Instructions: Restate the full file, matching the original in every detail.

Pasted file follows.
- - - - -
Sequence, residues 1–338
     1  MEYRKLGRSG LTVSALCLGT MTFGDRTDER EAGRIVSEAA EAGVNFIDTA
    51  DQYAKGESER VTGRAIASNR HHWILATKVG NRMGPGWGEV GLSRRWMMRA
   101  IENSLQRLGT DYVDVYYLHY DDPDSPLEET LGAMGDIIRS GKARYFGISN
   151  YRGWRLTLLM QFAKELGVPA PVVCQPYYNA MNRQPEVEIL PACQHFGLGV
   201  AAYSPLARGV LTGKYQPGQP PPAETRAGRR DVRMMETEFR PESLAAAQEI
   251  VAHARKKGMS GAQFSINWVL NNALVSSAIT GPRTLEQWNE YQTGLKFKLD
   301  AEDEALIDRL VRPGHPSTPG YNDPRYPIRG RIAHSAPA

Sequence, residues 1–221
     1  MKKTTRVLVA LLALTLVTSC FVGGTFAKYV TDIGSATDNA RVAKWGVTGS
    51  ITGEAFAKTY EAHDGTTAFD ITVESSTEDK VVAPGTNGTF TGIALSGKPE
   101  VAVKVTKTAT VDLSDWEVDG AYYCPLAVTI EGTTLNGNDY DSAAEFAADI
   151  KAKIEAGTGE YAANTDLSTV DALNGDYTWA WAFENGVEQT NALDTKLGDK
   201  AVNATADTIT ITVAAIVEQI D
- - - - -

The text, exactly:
Sequence, residues 1–338
     1  MEYRKLGRSG LTVSALCLGT MTFGDRTDER EAGRIVSEAA EAGVNFIDTA
    51  DQYAKGESER VTGRAIASNR HHWILATKVG NRMGPGWGEV GLSRRWMMRA
   101  IENSLQRLGT DYVDVYYLHY DDPDSPLEET LGAMGDIIRS GKARYFGISN
   151  YRGWRLTLLM QFAKELGVPA PVVCQPYYNA MNRQPEVEIL PACQHFGLGV
   201  AAYSPLARGV LTGKYQPGQP PPAETRAGRR DVRMMETEFR PESLAAAQEI
   251  VAHARKKGMS GAQFSINWVL NNALVSSAIT GPRTLEQWNE YQTGLKFKLD
   301  AEDEALIDRL VRPGHPSTPG YNDPRYPIRG RIAHSAPA

Sequence, residues 1–221
     1  MKKTTRVLVA LLALTLVTSC FVGGTFAKYV TDIGSATDNA RVAKWGVTGS
    51  ITGEAFAKTY EAHDGTTAFD ITVESSTEDK VVAPGTNGTF TGIALSGKPE
   101  VAVKVTKTAT VDLSDWEVDG AYYCPLAVTI EGTTLNGNDY DSAAEFAADI
   151  KAKIEAGTGE YAANTDLSTV DALNGDYTWA WAFENGVEQT NALDTKLGDK
   201  AVNATADTIT ITVAAIVEQI D